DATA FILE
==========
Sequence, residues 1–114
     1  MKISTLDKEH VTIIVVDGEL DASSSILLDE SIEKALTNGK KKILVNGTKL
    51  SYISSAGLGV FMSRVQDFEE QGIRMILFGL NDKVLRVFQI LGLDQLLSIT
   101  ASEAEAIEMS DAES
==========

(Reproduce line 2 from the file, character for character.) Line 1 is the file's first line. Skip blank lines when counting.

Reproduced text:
     1  MKISTLDKEH VTIIVVDGEL DASSSILLDE SIEKALTNGK KKILVNGTKL